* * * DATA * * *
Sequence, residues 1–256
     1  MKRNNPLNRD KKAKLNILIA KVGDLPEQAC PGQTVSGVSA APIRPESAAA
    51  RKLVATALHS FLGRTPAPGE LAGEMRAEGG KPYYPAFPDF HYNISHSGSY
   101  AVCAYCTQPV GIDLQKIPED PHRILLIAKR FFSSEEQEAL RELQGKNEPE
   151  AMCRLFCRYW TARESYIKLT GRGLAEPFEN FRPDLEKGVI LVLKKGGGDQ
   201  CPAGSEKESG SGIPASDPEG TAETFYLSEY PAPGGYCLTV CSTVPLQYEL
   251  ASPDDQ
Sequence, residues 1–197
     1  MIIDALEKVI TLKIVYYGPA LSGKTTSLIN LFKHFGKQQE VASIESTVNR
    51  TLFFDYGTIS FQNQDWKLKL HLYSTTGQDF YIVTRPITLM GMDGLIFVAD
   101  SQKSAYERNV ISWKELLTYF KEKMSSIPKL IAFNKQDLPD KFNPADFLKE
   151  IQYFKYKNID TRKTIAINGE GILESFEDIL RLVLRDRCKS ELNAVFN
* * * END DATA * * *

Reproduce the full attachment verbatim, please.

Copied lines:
Sequence, residues 1–256
     1  MKRNNPLNRD KKAKLNILIA KVGDLPEQAC PGQTVSGVSA APIRPESAAA
    51  RKLVATALHS FLGRTPAPGE LAGEMRAEGG KPYYPAFPDF HYNISHSGSY
   101  AVCAYCTQPV GIDLQKIPED PHRILLIAKR FFSSEEQEAL RELQGKNEPE
   151  AMCRLFCRYW TARESYIKLT GRGLAEPFEN FRPDLEKGVI LVLKKGGGDQ
   201  CPAGSEKESG SGIPASDPEG TAETFYLSEY PAPGGYCLTV CSTVPLQYEL
   251  ASPDDQ
Sequence, residues 1–197
     1  MIIDALEKVI TLKIVYYGPA LSGKTTSLIN LFKHFGKQQE VASIESTVNR
    51  TLFFDYGTIS FQNQDWKLKL HLYSTTGQDF YIVTRPITLM GMDGLIFVAD
   101  SQKSAYERNV ISWKELLTYF KEKMSSIPKL IAFNKQDLPD KFNPADFLKE
   151  IQYFKYKNID TRKTIAINGE GILESFEDIL RLVLRDRCKS ELNAVFN